Whārangi 1: Biography
Journalist, newspaper editor and manager, sports administrator
I tuhia tēnei haurongo e Ross Harvey, ā, i tāngia tuatahitia ki Ngā Tāngata Taumata Rau i te 1993.
Phineas Selig was born on 5 September 1856 in Melbourne, Australia, the seventh child of Benjamin Aaron Selig, a watchmaker and jeweller, and his wife, Catherine Jacobs. In 1862 he arrived in Wellington, New Zealand, where his father was employed as officiating minister by the Wellington Jewish congregation. Phineas was educated at private schools in Thorndon. He became a copyholder at the Government Printing Office, then in 1871 joined the Lyttelton Times, Christchurch, first as a reader and later as a reporter. It is thought that he contracted 'congestion of the lungs' while reporting the opening of the railway line to Dunedin on 6 September 1878. He subsequently resigned because of ill health and moved to Sydney.
After about three years he returned to Christchurch, where he established several newspapers. In May 1884 Selig and Arthur Edward Bird founded the weekly sporting newspaper the New Zealand Referee. In 1891 the newspaper was purchased by the Christchurch Press Company and amalgamated on 3 July with the Weekly Press. Selig remained as editor of the New Zealand Referee section of the Weekly Press and also contributed under Bird's pen-name, 'Sir Launcelot' (his former partner died in 1893). Under its new owners the Referee prospered to become the nation's main sporting paper. In March 1901 Selig was appointed the Christchurch Press Company's acting manager and was confirmed as manager on 29 May 1903. A talented administrator, he presided over a programme of expansion unprecedented in any New Zealand newspaper company.
Selig was active in organisations connected with the wider newspaper and printing industry. He was a member of the Canterbury Master Printers' Association from 1900, and was president from 1903 to 1914. He helped establish the national association (later the Federation of Master Printers of New Zealand) in November 1907, with the objects of price-fixing and protecting employers against employees. His most important contribution to newspaper and printing trade associations, however, was as president of the Newspaper Proprietors' Association of New Zealand from 1908 to 1921. During this period the association expanded its activities considerably. Notable among Selig's innovations were persuading the government to provide advance copies to newspapers of important public statements, including the budget; securing newsprint for newspapers during periods of war shortages; and establishing a pool to buy newsprint in bulk. He was elected the association's first life member for his outstanding service. Selig was chairman of the United Press Association in 1916, 1918 and 1924. In 1920 he attended the Imperial Press Conference in Canada and in 1926 the Press Congress of the World in Switzerland.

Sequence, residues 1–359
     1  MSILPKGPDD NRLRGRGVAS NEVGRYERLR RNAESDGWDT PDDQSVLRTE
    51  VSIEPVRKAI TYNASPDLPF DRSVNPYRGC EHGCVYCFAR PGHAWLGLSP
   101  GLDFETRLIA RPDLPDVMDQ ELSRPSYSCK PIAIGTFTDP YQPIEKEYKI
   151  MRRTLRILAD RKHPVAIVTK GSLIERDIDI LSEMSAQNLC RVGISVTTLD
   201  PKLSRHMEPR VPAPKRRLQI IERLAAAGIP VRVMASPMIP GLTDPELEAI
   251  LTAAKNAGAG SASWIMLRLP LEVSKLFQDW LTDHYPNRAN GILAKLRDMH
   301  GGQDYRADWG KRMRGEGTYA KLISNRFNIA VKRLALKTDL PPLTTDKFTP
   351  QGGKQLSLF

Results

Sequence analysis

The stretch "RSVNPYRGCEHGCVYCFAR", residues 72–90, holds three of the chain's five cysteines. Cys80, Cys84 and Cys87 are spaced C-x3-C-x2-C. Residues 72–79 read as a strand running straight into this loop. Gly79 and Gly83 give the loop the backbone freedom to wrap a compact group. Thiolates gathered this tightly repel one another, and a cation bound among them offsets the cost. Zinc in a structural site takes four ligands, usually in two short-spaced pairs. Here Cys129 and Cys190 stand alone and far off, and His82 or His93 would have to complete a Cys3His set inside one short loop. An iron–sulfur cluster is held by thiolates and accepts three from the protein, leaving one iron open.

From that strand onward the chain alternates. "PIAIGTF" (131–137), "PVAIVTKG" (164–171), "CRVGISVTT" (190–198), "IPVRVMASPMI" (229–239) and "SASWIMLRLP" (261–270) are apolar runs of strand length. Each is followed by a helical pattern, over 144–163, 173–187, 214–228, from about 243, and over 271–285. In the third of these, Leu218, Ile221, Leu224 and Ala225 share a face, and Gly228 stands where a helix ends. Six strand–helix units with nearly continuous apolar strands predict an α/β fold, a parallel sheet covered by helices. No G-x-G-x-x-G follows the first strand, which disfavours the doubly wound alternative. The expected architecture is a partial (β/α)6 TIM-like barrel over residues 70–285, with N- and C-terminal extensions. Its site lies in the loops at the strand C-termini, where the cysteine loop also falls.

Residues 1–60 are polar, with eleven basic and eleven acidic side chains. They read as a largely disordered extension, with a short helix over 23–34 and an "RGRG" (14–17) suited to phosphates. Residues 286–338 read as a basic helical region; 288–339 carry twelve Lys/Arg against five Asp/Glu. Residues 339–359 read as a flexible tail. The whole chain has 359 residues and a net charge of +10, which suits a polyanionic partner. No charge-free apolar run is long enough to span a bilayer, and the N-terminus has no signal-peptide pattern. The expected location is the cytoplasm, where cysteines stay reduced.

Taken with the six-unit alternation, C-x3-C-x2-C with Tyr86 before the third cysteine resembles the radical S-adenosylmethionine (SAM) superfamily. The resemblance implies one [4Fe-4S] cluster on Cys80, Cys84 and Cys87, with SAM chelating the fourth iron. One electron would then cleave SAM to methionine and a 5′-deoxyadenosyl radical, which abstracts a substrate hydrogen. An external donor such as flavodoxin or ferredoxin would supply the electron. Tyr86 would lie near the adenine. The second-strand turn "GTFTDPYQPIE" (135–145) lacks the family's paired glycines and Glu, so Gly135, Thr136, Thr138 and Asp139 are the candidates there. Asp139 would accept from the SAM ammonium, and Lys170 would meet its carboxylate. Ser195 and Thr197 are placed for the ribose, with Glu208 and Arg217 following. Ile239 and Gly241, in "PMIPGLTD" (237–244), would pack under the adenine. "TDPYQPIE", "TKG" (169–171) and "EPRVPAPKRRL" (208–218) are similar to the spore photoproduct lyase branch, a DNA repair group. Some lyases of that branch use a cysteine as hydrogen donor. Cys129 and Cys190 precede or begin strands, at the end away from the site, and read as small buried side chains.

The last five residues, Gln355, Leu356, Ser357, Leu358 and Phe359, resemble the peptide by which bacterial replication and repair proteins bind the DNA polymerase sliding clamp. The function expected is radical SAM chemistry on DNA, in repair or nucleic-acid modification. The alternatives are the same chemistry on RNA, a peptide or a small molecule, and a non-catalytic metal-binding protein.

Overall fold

Phineas Selig was also influential in the sporting arena as a journalist and editor, then as an administrator. Until the pressure of business caused him to retire in 1903 he was a New Zealand Amateur Athletic Association councillor. He visited Australia with New Zealand athletic teams and represented the association at a meeting in Melbourne in 1899 to establish the Amateur Athletic Union of Australasia. He founded the Public Schools Amateur Athletic Association of North Canterbury. As president of the South Island Trotting Association, Selig succeeded in establishing a national body and in 1899 became president of the New Zealand Trotting Association, a position he held for 22 years. He was also for 13 years president of the New Zealand Trotting Conference, the rule-making body for the sport, and presided at two Sydney conferences on trotting rules.
An energetic man, Selig was active in other areas. He was a member of the Canterbury Society of Arts, the Canterbury branch of the Navy League and the Over-Seas League, and president of the Christchurch Jewish congregation.
In Dunedin on 24 August 1892 Selig had married Kate Mendelsohn, daughter of Louis Mendelsohn, a Dunedin merchant. They had two daughters. Kate died on 12 October 1923; Phineas retired as manager of the Christchurch Press Company on 8 January that year. He died on 7 November 1941 at Lewisham Hospital, Christchurch.
Phineas Selig's vigour and administrative ability were the keys to his success in several fields. He left an enduring legacy, particularly in the secure base of the Press, the activities of the Newspaper Proprietors' Association, and strengthened national trotting and athletics organisations.